|1984||70.90%8,476||29.10% 3,479||0.00% 0|
|1980||59.53%6,956||40.32% 4,711||0.15% 18|
|1976||57.07%5,673||42.77% 4,251||0.16% 16|
|1972||61.53%6,296||38.40% 3,929||0.07% 7|
|1968||48.33% 4,605||51.67%4,923||0.00% 0|
|1964||47.58% 4,453||52.42%4,905||0.00% 0|
|1960||64.55%6,166||35.45% 3,386||0.00% 0|
In the Missouri House of Representatives, Howell County is divided into two legislative districts, both of which are represented by Republicans.
|Democratic||Bobby Johnston, Jr.||255||17.57%||+17.57|
All of Howell County is a part of Missouri's 33rd District in the Missouri Senate and is currently represented by Mike Cunningham of Rogersville.
Missouri's two U.S. Senators are Claire McCaskill of Kirkwood and Roy Blunt of Strafford.
All of Howell County is included in Missouri's 8th Congressional District and is currently represented by Jason T. Smith of Salem in the U.S. House of Representatives. Smith won a special election on Tuesday, June 4, 2013, to complete the remaining term of former U.S. Representative Jo Ann Emerson of Cape Girardeau. Emerson announced her resignation a month after being reelected with over 70 percent of the vote in the district. She resigned to become CEO of the National Rural Electric Cooperative.
|Republican||Jason T. Smith||13,655||80.64%||+19.51|
|Republican||Jason T. Smith||4,742||61.13%||-7.91|
|Republican||Jason T. Smith||2,268||69.04%||-8.16|
|Republican||Jo Ann Emerson||12,456||77.20%|
Howell County is, like several rural counties located in the Ozarks, conservative and strongly Republican at the presidential level. Bill Clinton of neighboring Arkansas was the last Democratic presidential nominee to win Howell County in 1992; he lost the county during his 1996 reelection bid and since then, voters in Howell County have decisively backed Republicans. Controversy occurred during the course of the 2008 presidential campaign over a billboard displayed near West Plains that depicted a picture of then-Democratic presidential nominee Barack Obama in a turban. Some were offended by the billboard and deemed it racist.
Like most rural areas throughout Southeast Missouri, voters in Howell County generally adhere to socially and culturally conservative principles which tend to influence their Republican leanings. In 2004, Missourians voted on a constitutional amendment to define marriage as the union between a man and a woman—it overwhelmingly won in Howell County with 83.36 percent of the vote. The initiative passed the state with 71 percent of support from voters. In 2006, Missourians voted on a constitutional amendment to fund and legalize embryonic stem cell research in the state—it failed in Howell County with 57.97 percent voting against the measure. The initiative narrowly passed the state with 51 percent of support from voters as Missouri became one of the first states in the nation to approve embryonic stem cell research. Despite Howell County's longstanding tradition of supporting socially conservative platforms, voters in the county have a penchant for advancing populist causes like increasing the minimum wage. In 2006, Missourians voted on a proposition (Proposition B) to increase the minimum wage in the state to $6.50 an hour—it passed Howell County with 67.79 percent of the vote. The proposition strongly passed every single county in Missouri with 78.99 percent voting in favor. (During the same election, voters in five other states also strongly approved increases in the minimum wage.)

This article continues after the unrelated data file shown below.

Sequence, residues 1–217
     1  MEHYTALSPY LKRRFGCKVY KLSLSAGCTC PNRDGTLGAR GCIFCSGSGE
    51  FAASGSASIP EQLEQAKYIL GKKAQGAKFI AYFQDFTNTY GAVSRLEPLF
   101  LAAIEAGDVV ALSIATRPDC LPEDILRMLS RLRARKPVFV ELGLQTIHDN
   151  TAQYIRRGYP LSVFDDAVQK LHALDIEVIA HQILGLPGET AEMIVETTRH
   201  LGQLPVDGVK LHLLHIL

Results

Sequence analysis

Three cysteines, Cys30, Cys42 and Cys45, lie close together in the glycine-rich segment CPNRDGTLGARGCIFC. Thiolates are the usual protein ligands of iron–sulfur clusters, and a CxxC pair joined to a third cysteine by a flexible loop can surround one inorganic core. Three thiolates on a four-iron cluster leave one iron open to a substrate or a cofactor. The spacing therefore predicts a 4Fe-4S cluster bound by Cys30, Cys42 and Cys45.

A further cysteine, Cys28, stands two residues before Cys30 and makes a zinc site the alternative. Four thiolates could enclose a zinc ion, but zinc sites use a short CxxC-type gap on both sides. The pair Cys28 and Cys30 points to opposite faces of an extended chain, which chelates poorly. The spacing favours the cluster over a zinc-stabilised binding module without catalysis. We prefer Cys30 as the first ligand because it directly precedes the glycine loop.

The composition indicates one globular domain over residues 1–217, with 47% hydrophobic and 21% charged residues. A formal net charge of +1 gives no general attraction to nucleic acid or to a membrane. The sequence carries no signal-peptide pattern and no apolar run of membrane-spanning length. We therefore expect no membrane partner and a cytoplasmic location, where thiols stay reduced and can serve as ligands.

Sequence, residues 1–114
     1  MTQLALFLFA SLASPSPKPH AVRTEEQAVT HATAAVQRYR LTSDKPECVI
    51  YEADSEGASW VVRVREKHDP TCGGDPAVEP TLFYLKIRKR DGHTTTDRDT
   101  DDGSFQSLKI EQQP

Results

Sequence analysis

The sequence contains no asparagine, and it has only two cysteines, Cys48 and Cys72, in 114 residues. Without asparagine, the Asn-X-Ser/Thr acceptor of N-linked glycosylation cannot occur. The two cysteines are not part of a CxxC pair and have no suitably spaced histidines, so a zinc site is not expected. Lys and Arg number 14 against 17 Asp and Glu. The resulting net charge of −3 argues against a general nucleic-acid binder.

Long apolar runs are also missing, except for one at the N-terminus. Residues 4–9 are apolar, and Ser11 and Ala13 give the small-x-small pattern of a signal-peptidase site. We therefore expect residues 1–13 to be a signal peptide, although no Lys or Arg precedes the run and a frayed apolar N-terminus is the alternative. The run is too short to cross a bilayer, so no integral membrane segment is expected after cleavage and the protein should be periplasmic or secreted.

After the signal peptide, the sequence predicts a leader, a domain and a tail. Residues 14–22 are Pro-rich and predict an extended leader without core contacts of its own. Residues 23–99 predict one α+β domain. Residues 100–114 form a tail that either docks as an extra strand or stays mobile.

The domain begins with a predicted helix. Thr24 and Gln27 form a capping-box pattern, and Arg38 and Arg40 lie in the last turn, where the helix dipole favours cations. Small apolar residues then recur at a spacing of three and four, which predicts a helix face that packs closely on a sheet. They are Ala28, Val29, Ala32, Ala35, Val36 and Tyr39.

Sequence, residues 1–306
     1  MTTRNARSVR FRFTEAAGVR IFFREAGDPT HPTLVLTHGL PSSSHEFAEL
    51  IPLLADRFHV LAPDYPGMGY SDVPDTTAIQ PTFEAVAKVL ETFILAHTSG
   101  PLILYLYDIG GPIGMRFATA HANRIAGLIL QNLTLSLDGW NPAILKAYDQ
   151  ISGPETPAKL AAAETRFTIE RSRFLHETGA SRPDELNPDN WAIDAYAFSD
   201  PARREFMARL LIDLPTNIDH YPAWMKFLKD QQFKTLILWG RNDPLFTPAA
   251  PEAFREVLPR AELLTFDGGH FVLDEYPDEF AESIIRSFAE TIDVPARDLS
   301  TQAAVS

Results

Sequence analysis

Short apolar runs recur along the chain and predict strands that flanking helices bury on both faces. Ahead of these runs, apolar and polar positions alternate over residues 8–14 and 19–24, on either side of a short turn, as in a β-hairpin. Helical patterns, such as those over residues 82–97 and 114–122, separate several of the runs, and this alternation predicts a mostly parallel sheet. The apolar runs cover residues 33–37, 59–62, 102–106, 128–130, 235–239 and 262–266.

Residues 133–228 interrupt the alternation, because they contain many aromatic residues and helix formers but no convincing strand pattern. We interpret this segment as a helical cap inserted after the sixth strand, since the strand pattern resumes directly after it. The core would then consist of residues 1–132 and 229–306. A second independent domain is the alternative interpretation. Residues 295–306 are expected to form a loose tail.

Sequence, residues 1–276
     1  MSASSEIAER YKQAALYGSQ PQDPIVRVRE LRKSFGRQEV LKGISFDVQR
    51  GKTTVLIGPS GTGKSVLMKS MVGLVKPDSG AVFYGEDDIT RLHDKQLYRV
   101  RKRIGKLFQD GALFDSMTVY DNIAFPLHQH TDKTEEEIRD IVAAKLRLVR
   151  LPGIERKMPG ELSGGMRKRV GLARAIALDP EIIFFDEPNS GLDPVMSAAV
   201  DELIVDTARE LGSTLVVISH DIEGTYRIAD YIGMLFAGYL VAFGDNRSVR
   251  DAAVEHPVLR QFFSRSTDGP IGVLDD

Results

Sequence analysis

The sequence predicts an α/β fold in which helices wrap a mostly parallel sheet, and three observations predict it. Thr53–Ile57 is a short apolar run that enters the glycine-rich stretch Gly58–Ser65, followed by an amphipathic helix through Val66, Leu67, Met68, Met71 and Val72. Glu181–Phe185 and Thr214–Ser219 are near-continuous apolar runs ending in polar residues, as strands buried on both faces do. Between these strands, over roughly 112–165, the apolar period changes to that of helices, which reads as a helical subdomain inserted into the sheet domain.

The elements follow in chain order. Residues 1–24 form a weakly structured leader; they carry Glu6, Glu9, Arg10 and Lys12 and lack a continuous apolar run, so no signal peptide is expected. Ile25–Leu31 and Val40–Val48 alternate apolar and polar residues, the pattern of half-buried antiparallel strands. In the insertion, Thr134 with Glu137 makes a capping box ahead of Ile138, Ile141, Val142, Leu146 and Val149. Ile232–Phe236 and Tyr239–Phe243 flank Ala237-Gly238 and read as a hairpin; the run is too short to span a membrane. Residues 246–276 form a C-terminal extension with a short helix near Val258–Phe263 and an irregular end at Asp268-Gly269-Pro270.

|Howell County, Missouri|
|2008 Republican primary in Missouri|
|John McCain||1,347 (24.76%)|
|Mike Huckabee||2,882 (52.97%)|
|Mitt Romney||793 (14.57%)|
|Ron Paul||356 (6.54%)|
|Howell County, Missouri|
|2008 Democratic primary in Missouri|
|Hillary Clinton||2,307 (64.07%)|
|Barack Obama||1,168 (32.44%)|
|John Edwards (withdrawn)||99 (2.75%)|
In the 2008 Missouri Presidential Primary, voters in Howell County from both political parties supported candidates who finished in second place in the state at large and nationally.
Wright County is a county located in the southern portion of the U.S. state of Missouri. As of the 2010 census, the population was 18,815. Its county seat is Hartville. The county was officially organized on January 29, 1841, and is named after Silas Wright, a former Congressman, U.S. Senator and Governor of New York. As of 2020, Wright County is the median population center of the 48 contiguous states of the United States.
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Texas County is a county located in the southern portion of the U.S. state of Missouri. As of the 2010 census, the population was 26,008. Its county seat is Houston. The county was organized in 1843 as Ashley County, changing its name in 1845 to Texas, after the Republic of Texas. The 2010 U.S. Census indicates that the county was the center of population for the United States.
Taney County is a county located in the southwestern portion of the U.S. state of Missouri. As of the 2010 census, the population was 51,675. Its county seat is Forsyth. It is included in the Branson, Missouri, Micropolitan Statistical Area.
Stone County is a county located in the southwestern portion of the U.S. state of Missouri. As of the 2010 census, the population was 32,202. Its county seat is Galena.